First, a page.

With some extra considerations for weather, pouring a concrete foundation in winter is completely possible. You’ll need to pay attention to frost heaving, ensure your team is protected from the elements and follow winter construction best practices, but it’s far from an impossible job.
Even so, homeowners are likely to have concerns. Keep reading to learn more about prepping the ground, educating homeowners and more.
Top considerations for winter foundation pouring
Dennis Purinton is a member of the Concrete Foundations Association (CFA), and in his experience, there are four important factors to consider in cold weather concreting:
- Mix design
- Concrete temperature
- The correct balance of accelerator to concrete temperature
The ratio of water to cement is important, but a higher water content can also lead to freezing. Admixtures, like calcium chloride and non-chloride accelerators (NCAs), hasten the hydration process (thereby generating more internal heat and strength gain).
In terms of concrete temperature, the CFA’s research has found that the mix must be protected from freezing until it has reached 500 psi, and should be protected from multiple freeze/thaw cycles until reaching 3,500 psi. To increase the likelihood of reaching 500 psi before freezing, request a higher concrete temperature when it’s delivered to the job site.
Ground temperature is another important consideration — frozen ground expands, which alters the load bearing capacity of the soil. If a concrete foundation is built on frozen ground, the structure will settle when the soil thaws. Before freezing temperatures set in, builders need to insulate the ground with hay, followed by a tarp on top.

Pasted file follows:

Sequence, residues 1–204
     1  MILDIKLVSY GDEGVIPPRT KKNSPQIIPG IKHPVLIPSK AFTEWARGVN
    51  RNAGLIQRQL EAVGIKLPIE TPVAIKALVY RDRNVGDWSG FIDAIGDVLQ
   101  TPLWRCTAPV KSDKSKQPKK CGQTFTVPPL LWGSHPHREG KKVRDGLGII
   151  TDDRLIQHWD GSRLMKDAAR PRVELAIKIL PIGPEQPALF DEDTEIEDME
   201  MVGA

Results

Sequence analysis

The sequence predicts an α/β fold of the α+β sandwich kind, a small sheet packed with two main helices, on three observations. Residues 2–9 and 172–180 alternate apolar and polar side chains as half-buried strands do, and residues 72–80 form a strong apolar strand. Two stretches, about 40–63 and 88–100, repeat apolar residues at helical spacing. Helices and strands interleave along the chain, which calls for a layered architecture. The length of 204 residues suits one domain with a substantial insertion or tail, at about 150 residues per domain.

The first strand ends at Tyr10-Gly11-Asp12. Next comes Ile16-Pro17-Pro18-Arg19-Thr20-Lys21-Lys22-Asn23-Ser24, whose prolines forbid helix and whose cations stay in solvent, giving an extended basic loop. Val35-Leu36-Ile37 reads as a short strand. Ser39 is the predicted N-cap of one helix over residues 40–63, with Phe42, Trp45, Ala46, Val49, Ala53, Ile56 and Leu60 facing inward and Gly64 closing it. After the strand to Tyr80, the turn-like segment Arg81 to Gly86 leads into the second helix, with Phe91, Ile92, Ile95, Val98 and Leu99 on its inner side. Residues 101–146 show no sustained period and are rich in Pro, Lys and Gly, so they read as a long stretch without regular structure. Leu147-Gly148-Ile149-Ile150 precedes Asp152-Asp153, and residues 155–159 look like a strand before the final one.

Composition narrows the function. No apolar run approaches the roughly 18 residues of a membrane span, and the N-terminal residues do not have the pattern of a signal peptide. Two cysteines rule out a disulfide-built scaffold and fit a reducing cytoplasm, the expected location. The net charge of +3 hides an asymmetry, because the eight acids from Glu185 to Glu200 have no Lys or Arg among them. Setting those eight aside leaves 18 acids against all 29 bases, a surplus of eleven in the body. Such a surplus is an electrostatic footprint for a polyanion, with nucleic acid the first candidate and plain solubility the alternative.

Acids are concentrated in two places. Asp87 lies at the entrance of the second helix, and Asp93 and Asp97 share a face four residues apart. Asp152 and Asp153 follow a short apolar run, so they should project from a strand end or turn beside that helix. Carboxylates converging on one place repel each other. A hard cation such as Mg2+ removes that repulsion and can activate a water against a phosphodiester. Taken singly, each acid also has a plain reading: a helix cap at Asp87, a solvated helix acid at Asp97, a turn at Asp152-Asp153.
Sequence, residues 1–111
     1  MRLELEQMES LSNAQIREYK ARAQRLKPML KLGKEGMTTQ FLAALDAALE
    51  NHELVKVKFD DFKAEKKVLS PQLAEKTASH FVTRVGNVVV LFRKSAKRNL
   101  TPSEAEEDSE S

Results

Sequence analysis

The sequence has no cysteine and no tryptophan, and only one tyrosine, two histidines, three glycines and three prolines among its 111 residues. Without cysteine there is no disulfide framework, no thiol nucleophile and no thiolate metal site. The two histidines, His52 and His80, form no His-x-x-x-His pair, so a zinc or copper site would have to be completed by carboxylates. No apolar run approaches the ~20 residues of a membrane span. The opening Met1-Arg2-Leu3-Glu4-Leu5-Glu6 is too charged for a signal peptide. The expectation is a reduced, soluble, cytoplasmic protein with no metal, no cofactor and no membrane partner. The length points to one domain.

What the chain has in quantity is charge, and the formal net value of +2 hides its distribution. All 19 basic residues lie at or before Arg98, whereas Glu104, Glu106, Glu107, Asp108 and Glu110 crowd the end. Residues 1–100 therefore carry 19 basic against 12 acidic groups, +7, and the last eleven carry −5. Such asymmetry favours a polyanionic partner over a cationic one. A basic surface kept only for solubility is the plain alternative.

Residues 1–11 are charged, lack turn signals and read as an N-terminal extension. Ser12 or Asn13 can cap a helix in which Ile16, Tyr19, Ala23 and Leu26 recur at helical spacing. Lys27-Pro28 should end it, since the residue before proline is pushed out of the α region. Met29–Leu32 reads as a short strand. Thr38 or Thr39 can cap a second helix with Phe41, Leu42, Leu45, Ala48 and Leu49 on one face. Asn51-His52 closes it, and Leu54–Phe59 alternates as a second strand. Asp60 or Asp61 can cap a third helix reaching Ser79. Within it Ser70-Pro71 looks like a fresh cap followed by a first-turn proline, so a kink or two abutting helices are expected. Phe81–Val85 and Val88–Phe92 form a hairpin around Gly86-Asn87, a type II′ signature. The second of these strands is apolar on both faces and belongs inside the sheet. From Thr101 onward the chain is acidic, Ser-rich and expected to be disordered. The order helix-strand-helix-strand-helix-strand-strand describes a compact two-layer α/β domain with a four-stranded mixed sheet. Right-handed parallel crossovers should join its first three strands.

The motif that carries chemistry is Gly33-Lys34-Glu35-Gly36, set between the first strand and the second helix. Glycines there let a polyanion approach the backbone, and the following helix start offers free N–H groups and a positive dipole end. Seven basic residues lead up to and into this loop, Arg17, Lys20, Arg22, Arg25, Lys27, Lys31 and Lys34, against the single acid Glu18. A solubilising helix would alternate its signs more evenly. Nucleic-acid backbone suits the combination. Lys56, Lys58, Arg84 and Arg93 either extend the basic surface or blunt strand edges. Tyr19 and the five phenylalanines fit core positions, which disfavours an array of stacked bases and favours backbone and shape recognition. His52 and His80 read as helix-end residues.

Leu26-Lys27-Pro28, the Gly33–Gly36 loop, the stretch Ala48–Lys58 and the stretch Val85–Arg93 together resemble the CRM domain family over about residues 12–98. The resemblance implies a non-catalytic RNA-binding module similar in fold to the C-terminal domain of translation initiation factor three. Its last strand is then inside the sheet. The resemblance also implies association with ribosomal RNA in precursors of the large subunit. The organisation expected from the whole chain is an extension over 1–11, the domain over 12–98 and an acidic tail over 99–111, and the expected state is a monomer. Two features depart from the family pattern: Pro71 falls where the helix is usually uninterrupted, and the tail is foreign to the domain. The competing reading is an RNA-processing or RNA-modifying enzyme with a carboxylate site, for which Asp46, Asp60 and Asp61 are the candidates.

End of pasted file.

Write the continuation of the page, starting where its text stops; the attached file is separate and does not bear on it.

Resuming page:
What to do when a homeowner is concerned about pouring a foundation during winter
You could have decades of experience pouring concrete foundations in cold temperatures, and homeowners would still be concerned. Answering seemingly endless questions can be frustrating, but taking the time to ease fears ahead of time will make everyone happier in the long run. If you encounter a reluctant homeowner, try:
- Explaining the entire process in layman’s terms
- Educating them about admixtures and how they create heat in the concrete
- Showing them photos from past builds
- Sharing informative articles from around the web
- Inviting them to the construction site to ask questions
If you regularly gather testimonials from past homebuyers, you could even ask a client to share their own cold-weather foundation experience. Hearing a success story from another homeowner can be a powerful way to calm nerves.
You could explain some of the primary benefits of building a home in the winter. For example, many construction businesses aren’t as busy during winter. Building during an off-peak time can reduce costs and waiting times, so homeowners can move into their new home before the busy spring construction season begins.
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